New report compares societal costs of crashes, crime

Price tag: Michigan traffic crashes come with hefty price tag

While index crimes resulted in $622 million in monetary costs during 2015, the price tag for traffic crashes exceeded $4.6 billion in monetary costs, according to a new report released by the University of Michigan Transportation Research Institute.

The study, funded by the Michigan Office of Highway Safety Planning (OHSP), used 2015 traffic crash and index crime data to estimate dollar losses to the state and for each county. Monetary costs include medical care, future earnings, public services and property damage and loss. Non-monetary quality-of-life costs include those associated with pain, suffering and fear. When further expanded to include monetary and non-monetary quality-of-life costs, index crime costs totaled $2.6 billion in 2015, while traffic crashes resulted in $19.3 billion in total costs, according to the report. For index crime, these values come from jury awards for pain, suffering and lost quality of life due to physical injuries or fear. Index crimes include murder, rape, robbery, aggravated assault, burglary, larceny and motor vehicle theft.
“This report underlines the vital role of traffic safety efforts in our state,” said Michael L. Prince, OHSP director. “Traffic crashes come with a tremendous personal toll and an enormous price tag. Using federal funds for seat belt and drunk driving patrols throughout the year helps save both the lives and the money of our state’s residents.”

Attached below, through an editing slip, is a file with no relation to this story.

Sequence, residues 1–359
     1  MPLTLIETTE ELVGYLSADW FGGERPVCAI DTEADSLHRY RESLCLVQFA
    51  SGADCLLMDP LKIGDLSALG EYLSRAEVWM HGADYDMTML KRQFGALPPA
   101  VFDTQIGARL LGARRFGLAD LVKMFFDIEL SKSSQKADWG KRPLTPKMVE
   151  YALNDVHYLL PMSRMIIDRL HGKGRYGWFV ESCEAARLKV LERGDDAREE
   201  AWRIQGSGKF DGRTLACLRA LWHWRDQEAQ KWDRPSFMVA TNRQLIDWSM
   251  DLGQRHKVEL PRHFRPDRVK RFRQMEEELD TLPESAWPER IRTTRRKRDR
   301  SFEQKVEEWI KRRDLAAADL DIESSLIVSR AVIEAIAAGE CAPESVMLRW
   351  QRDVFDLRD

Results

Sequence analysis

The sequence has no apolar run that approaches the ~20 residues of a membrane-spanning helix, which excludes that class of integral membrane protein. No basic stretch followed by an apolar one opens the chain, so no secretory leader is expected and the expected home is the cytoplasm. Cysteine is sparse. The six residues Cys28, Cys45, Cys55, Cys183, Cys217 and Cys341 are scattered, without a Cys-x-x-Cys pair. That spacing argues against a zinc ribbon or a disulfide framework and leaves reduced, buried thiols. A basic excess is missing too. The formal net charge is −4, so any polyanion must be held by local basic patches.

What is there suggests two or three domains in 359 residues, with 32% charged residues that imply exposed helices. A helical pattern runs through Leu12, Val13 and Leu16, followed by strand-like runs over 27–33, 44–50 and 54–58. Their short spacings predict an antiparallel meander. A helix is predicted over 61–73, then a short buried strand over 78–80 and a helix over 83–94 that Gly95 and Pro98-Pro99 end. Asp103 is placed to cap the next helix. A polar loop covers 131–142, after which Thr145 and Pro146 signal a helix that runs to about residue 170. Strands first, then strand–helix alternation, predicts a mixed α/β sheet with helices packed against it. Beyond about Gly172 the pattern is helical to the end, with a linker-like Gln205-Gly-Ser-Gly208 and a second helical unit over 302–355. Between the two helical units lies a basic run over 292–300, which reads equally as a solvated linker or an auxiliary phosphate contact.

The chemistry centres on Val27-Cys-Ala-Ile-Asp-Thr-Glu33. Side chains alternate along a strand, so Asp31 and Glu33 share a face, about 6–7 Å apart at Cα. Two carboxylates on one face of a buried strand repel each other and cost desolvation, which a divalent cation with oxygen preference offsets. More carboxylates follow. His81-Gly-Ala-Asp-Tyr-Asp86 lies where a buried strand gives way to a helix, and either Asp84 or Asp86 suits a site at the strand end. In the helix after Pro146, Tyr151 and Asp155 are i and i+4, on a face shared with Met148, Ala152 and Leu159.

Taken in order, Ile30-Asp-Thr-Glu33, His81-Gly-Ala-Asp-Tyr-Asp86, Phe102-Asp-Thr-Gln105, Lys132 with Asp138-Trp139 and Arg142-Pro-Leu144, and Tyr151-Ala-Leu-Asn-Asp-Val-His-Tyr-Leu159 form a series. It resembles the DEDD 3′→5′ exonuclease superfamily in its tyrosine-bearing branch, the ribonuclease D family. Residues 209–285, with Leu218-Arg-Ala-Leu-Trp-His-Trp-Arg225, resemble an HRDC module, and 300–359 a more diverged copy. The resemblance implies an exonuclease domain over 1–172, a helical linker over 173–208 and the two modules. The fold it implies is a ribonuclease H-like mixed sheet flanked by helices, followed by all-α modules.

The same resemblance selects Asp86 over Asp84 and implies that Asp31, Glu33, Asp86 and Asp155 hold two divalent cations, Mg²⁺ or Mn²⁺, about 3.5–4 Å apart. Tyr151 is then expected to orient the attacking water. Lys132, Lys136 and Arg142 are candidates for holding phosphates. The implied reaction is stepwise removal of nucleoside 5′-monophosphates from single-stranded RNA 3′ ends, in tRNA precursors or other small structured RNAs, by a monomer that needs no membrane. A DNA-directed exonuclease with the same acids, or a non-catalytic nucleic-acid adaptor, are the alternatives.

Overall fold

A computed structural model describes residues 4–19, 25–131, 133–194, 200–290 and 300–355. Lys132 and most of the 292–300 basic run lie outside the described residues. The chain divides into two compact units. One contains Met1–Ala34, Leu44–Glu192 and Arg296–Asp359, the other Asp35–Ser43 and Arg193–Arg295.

The five counties with the highest crash costs are Wayne, Oakland, Macomb, Kent and Genesee.  Keweenaw County had the lowest crash costs.

Alcohol-involved crashes accounted for $800 million in monetary costs and $3.9 billion in total costs. Injury-crash involved unbuckled occupants accounted for $500 million in monetary costs and $2.6 billion in total costs. Crashes involving teen drivers accounted for almost $800 million in monetary costs and $3.2 billion in total costs. Motorcycle-involved crashes accounted for $300 million in monetary costs and $1.8 billion in total costs.

Researchers found that both traffic crashes and crime impose significant economic and social burdens on individuals and society through injury and loss of life, as well as property damage and loss. Efforts to reduce crashes and crime often result in competing demands for scarce public resources. Comparable and up-to-date cost data on crashes and crime contribute to informed decision making about allocation of these resources.

The first crime/crash report was generated in 1988. At that time, Michigan traffic crashes resulted in $2.3

billion in monetary costs and $7.1 billion in total costs. Similar studies were conducted in 1994, 1999, 2004 and 2009. The 2015 report, which includes county-by-county information, is available at www.michigan.gov/ohsp.

 

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